Little did I know (though I should have figured) that most of my unit made an appearance. And, as authentic reenactors do, they had spare clothing. So, donning not only makeup and painted toenails but also a bathrobe, a petticoat, and an apron, I ended up in kit anyways. Not that I was difficult to persuade! It was nice to reconnect with people who I hadn’t seen for a while.

But, I’ve learned to not put too much stock into historic “authenticity” at events like Pike River, however. Not that they don’t give extreme enjoyment, but I think they are more apt to capture the spirit and emotion of a period rather than actual historic fact (much like Renaissance faires). It’s not often where French soldiers and Congressional civilians intermingle with Native Americans, pirates, and buckskinners. I mostly people watched and learned to throw a tomahawk…admittedly I did pretty damn well for never having attempted it before. Lesson to be learned? Never mess with a lass who carries a tomahawk if she knows how to use it!

So overall, my summer of historic interpretation has extended beyond traditional NWTA reenacting. In addition to OWW and Pike River Rendezvous, I’ve helped out at the local museum numbering objects, cataloguing, my usual mischief making. Oh, and blogging. I can’t forget about that now, can I?

Up next…well, I haven’t made it that far, but rest assured it will be something amusing. I always attempt to be readable…or laughable…or both!

Advertisements

One thought on “Reenacting Season, 2012: Rebels and Redcoats, Silver Lake, WI; Laura Ingalls Wilder Days; and Pike River Rendezvous”

  1. Hello Amy,
    I have read a few of your articles and enjoy your enlightened perspective. And as one of the organizers of the Pike River Rendezvous, I am happy to hear you had a good time at our event. However, I do believe you have missed the point of our event.
    We originally organized our event 16 years ago as a typical small (25 camps) Midwest style fur trade rendezvous at the request of the parks department as a means of publicizing an underused 70 acre park and nature center on the city’s north side. Since the Pike River actually runs through the park, we chose the name accordingly. As the size of the event grew, we eventually moved to our current location on Simmons Island. During that time, we restructured into the unique event that we have today. We are neither time line, re-enactment of specific event, pirate-fest or Ren Faire. What we have attempted is to provide interactive hands on history with every occupation from pre- revolution to the 1840’s. This is an invitation only event and we have rejected far more “re-enactors” than we have accepted. All of our participants are the most knowledgeable and historically correct that we can find and accurately portray their occupation, some in character, some not. We invite our visitors in and teach them the skills of our ancestors, whether it’s grinding corn, finger weaving, throwing a knife and hawk, firing a muzzleloader or starting a fire with flint and steel, it’s mostly hands on and we have someone willing to teach you, we don’t want a roped off, look but don’t touch event, which is something we initially had to educate our military groups on, as they were not accustomed to having the public in their camps or tents.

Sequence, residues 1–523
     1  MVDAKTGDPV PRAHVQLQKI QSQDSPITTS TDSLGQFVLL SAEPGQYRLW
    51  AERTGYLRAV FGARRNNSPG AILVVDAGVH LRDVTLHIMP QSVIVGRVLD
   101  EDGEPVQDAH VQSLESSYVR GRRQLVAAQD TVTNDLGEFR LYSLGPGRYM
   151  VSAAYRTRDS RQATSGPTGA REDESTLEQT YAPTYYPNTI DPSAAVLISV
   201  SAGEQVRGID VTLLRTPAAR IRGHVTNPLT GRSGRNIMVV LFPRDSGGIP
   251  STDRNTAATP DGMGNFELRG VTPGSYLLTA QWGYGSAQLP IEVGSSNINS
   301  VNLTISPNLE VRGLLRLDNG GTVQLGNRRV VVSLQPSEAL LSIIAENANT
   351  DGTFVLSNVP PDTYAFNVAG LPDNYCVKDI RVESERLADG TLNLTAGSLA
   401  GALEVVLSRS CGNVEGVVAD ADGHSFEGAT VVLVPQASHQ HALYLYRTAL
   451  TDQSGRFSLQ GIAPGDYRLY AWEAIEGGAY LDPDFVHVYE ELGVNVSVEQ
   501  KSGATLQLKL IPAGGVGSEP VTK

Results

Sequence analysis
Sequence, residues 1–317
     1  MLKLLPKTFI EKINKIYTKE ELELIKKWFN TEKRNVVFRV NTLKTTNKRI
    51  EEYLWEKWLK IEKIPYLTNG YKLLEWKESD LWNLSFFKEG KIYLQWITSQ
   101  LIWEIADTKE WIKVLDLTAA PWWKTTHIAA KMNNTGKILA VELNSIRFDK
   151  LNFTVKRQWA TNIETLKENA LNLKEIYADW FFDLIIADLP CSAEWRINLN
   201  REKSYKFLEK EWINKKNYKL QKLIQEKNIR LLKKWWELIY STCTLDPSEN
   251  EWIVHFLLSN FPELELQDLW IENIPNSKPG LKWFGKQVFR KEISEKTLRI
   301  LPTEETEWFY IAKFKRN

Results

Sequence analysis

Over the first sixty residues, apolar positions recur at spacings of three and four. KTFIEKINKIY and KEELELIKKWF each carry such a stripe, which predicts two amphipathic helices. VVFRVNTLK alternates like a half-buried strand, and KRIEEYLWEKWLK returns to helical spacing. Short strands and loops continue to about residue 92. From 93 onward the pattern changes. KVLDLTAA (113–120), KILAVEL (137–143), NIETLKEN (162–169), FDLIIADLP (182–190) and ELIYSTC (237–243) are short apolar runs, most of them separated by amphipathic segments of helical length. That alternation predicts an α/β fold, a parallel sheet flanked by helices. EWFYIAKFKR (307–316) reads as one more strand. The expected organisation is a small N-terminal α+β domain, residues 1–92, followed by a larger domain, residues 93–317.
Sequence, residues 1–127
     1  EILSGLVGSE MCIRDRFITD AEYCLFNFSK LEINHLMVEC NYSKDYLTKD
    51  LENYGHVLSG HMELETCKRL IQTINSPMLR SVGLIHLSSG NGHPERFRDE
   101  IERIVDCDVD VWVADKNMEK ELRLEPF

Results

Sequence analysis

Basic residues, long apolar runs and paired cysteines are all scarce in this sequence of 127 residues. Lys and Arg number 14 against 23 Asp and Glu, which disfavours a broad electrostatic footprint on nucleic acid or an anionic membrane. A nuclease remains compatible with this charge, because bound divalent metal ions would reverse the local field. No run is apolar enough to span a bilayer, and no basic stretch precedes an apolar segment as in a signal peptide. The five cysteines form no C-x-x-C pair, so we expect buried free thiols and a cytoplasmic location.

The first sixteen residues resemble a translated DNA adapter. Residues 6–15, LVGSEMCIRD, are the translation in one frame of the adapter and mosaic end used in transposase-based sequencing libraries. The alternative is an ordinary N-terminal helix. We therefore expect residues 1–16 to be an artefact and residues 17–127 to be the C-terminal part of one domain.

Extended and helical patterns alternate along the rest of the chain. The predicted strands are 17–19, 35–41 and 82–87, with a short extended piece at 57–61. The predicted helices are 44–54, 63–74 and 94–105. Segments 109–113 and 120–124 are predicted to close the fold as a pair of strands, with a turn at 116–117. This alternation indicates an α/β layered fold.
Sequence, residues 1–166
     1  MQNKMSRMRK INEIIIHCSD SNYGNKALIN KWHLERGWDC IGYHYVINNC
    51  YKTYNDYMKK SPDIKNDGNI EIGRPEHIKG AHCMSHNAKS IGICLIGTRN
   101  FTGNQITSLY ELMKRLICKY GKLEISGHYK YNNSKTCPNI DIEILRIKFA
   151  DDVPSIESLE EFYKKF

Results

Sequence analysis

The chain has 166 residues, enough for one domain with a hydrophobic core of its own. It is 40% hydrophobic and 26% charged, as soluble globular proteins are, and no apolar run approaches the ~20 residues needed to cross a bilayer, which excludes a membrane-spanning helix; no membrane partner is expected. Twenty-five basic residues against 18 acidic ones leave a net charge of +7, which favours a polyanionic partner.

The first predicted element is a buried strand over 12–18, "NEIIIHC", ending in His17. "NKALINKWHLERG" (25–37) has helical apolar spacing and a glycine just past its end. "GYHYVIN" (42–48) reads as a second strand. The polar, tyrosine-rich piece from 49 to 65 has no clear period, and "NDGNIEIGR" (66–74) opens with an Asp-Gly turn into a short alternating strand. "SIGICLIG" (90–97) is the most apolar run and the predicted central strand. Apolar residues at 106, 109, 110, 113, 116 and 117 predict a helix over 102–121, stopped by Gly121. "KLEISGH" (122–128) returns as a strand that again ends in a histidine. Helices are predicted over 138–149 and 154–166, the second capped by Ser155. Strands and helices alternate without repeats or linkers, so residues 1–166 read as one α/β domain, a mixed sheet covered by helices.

Certain aspects of the event, like our food venders, jugglers, musicians and pirate battles (still period correct) are as much for our participants as they are for the public, we want to entertain as well as educate, to keep the public coming back.
    Hopefully you can make it back this year and get to visit with more of our participants.
    Sincerely
    Mike (White Bear) Elam

Leave a Reply

Fill in your details below or click an icon to log in:

WordPress.com Logo

You are commenting using your WordPress.com account. Log Out / Change )

Twitter picture

You are commenting using your Twitter account. Log Out / Change )

Facebook photo

You are commenting using your Facebook account. Log Out / Change )

Google+ photo

You are commenting using your Google+ account. Log Out / Change )

Connecting to %s